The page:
Electric cars with muscle car-like power and jaw-dropping acceleration times are more likely to crash than comparable, gasoline-powered models, according to a study carried out by French insurance company Axa. Conversely, the same study concluded that tamer battery-powered cars are less likely to be involved in an accident.
“We saw that in the micro and small car classes, slightly fewer accidents are caused by electric autos. If you look at the luxury and SUV classes, however, we see 40% more accidents with electric vehicles,” revealed Bettina Zahnd, the head of accident research and prevention for Axa’s Swiss division, in an interview with Reuters.
Axa came to these conclusions by examining claims data submitted by its customers. Zahnd added acceleration is one of the factors — but, crucially, not the only factor — that determines how often electric cars crash.
Some high-end electric cars are capable of rocket-like acceleration; the P100D-badged variants of Tesla’s Model S and Model X hit 60 mph from a stop in under three seconds. An electric motor produces its full torque output right away, so an EV blasts off as soon as the driver presses the skinny pedal. Even a high-performance gasoline- or diesel-powered engine needs a little bit of time to build up power. For example, the BMW M5 Competition uses a twin-turbocharged, 4.4-liter V8 engine that makes 617 horsepower at 6,000 rpm and 553 pound-feet of torque between 1,800 and 5,800 rpm. The engine needs to spool up before it delivers its full, sweet-sounding output. That doesn’t make the M5 better or worse than a Model S, but it means the two cars behave differently under heavy acceleration.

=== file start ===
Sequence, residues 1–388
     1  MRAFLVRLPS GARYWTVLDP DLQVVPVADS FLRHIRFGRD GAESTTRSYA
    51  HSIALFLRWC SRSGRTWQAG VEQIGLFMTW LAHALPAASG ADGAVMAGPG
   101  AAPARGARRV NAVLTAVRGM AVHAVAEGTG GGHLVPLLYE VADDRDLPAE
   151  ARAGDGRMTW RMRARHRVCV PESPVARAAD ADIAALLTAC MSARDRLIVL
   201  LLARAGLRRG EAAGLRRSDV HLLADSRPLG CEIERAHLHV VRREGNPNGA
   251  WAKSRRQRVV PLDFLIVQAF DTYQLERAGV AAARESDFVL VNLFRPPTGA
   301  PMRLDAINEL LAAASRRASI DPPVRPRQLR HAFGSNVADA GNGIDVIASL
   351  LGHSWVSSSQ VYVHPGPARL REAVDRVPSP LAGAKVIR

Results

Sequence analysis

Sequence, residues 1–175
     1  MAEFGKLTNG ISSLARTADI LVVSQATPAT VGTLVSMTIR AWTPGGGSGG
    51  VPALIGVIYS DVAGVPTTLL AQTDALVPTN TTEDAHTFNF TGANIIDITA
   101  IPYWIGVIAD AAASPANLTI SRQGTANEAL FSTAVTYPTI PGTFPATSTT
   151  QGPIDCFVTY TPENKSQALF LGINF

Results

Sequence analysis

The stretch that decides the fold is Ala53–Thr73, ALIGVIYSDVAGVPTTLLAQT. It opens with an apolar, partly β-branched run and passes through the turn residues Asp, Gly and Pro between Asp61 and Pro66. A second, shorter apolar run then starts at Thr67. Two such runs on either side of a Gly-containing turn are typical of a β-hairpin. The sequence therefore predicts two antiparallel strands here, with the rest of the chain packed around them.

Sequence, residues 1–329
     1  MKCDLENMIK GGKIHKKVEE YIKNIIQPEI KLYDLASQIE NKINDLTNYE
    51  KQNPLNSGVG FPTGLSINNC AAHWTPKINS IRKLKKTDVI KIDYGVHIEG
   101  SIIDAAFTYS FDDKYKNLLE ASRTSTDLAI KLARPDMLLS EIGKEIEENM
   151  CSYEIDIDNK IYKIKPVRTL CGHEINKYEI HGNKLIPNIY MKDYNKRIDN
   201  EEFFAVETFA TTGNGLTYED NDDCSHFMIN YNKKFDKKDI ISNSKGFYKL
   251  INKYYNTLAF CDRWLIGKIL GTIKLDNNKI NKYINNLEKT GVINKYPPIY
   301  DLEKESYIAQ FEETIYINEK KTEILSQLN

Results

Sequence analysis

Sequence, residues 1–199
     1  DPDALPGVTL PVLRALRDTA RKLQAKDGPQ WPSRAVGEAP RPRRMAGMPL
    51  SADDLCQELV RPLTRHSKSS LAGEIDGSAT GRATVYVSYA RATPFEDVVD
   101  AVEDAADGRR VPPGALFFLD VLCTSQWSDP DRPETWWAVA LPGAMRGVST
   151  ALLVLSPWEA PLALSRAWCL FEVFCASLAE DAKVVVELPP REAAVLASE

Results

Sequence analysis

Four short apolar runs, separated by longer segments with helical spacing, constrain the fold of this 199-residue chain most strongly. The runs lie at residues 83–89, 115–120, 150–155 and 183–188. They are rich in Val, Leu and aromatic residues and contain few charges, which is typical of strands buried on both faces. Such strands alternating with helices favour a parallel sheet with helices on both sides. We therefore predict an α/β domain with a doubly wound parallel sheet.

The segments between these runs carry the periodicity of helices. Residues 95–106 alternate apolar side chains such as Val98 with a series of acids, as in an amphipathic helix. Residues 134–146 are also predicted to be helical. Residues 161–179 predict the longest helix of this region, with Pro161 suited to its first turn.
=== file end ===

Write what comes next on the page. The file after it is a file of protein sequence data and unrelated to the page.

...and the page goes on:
Half of the electric car drivers polled by Axa admitted they had to adjust the way they drive when they switched to a powerful electric car. The study doesn’t single out a specific brand or model, but the quickest EVs widely available in Europe and abroad wear a Tesla badge. Croatia’s Rimac manufactures electric hypercars, but they’re manufactured in tiny numbers.
At the opposite end of the spectrum, small electric cars like the Renault Zoe are about as powerful and as quick as small cars with a piston engine. They also come with much smaller batteries than bigger EVs due to packaging constraints, so driving them flat-out will sap their range in record time, plus they’re developed and marketed as economy cars, not hot rods, so motorists have little incentive to seek driving enjoyment when they’re behind the wheel. These characteristics explain why they’re a little bit less likely to crash.
Interestingly, insurance prices don’t always reflect the conclusions of Axa’s study.
“If I look around Switzerland there are lots of insurers that even give discounts for electric autos because one would like to promote electric cars,” Zahnd pointed out.